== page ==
One of the strangest aspects of modern society is the number of people trying their utmost to appear wealthier than they are—even to their own detriment. This is fueled, in part, by insane amounts of cheap and easy credit being thrown around by banks under the direction of the central banks and, to be completely honest, it is insanity.
When you step back from the hubbub of life and take an objective look at the behavior of actual rich people, you will be surprised to find that more often than not they are not following those same patterns as those who are outwardly rich but inwardly poor.
This list looks at ten aspects of the life of the typical millionaire that go against our preconceived notions of wealth. It serves as both a guide to understanding the rich, and a guide to copying them in the best possible way: the way that can lead to your own future wealth.
10 Buy Second Hand
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Some things you can’t (or don’t want to) buy second hand: things like underwear, food, and bedding. But when it comes to everything else: rich folk are the first in line to get a bargain by buying second hand. Most significantly, rich people tend to not buy cars brand new (understanding the horrendous depreciation that occurs in the first few years of a new car) or if they do buy a new car, they tend to own it for at least ten years, ensuring they get the full value out of it.
Rich people love antiques (which are not always particularly expensive) and second hand furniture, but most importantly they love the value of buying second-hand. Every penny that is saved by buying and re-covering a second-hand sofa versus a brand new sofa can then be invested or saved for a purchase that helps secure your financial future.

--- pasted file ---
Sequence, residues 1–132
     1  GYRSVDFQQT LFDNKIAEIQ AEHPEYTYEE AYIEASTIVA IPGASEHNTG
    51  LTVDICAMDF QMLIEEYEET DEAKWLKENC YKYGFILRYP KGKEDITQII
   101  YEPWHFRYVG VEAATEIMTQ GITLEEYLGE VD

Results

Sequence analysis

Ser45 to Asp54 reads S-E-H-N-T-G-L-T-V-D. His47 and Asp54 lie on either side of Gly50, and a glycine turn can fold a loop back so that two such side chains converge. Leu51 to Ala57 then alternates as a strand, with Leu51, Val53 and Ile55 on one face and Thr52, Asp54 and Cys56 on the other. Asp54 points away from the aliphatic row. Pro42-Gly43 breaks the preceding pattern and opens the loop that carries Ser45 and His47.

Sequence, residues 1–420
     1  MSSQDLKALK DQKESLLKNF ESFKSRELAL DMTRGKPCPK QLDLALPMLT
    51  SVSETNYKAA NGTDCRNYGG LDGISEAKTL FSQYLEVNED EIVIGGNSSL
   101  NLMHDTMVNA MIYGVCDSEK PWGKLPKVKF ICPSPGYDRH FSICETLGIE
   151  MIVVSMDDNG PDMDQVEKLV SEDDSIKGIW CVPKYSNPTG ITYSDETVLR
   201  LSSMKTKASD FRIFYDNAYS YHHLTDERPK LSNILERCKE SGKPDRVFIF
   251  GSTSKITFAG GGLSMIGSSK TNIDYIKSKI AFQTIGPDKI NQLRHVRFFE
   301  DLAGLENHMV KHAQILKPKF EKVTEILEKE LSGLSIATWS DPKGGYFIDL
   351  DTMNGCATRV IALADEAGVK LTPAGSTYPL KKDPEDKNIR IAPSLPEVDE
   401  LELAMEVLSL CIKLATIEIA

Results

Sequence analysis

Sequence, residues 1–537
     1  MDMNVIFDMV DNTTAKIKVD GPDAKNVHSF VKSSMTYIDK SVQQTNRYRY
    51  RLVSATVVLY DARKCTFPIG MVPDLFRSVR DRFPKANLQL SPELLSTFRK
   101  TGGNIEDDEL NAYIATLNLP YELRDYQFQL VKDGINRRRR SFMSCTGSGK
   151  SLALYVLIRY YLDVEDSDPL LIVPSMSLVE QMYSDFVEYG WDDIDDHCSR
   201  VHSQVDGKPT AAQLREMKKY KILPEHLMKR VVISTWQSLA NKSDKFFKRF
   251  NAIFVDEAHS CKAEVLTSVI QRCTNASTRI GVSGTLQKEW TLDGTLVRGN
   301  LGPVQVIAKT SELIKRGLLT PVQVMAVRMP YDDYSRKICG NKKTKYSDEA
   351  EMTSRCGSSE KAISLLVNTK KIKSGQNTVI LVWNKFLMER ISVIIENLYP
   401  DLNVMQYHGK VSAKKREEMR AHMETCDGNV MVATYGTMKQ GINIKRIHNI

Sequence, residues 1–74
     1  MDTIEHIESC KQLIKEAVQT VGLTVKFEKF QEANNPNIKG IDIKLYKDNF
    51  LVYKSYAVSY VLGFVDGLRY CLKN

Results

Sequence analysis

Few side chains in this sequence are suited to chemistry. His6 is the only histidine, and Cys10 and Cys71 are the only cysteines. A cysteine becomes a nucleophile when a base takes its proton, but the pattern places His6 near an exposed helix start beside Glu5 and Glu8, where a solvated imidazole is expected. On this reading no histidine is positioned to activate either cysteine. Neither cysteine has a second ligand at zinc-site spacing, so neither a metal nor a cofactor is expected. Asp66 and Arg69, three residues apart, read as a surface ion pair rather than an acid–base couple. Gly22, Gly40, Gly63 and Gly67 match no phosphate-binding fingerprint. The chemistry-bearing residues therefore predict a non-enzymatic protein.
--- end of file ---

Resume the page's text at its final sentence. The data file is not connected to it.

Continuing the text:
9 Buy Affordable Property
Fundamentally, rich people pay cash for their homes or have at least a fifteen percent deposit. And rich people tend to buy properties no more than two-and-a-half times their annual after-tax income. Rich people also tend to buy older pre-war homes and it is very rare for the affluent to buy a brand new home or have a home built. This probably stems from the psychology of the rich in which a high value is placed on quality (which was undoubtedly higher in the past) and not wanting to carry the initial depreciation of new goods (see item 10).
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It is not the truly affluent people buying McMansions and multi-million dollar show homes. Those properties are for people with massive mortgages, massive egos, and massive financial problems. And, of course, the few amongst us who have won the lottery (poor them—most lottery winners waste it all and end up back where they were but far more miserable for the loss).
8 Buy It For Life
False economy—the idea that buying cheap is always best. It is better to buy one pair of shoes for $100 that lasts five years, than five pairs of shoes that cost $20 but last one year each and require five trips to the store. But try telling that to most people! “Buy it for life” is a trend for some, but a lifestyle for the rich. Wealthy people will spend time investigating important purchases before they make them, to ensure that they are buying something that will last as long as possible and, ideally, retain some of its value.
This is why a rich man will buy a $1,000 suit—a price that seems exorbitant to most of us. But in the long term a suit in that price range will last for decades. And if the man (or his wife) is able to repair their own clothes, they can last a lifetime. When Prince Charles married Camilla Parker-Bowles, he wore a thirty year old suit with patches in it. But he still looked amazing (Prince Charles has the reputation amongst men’s clothing connoisseurs of being an extremely stylish man).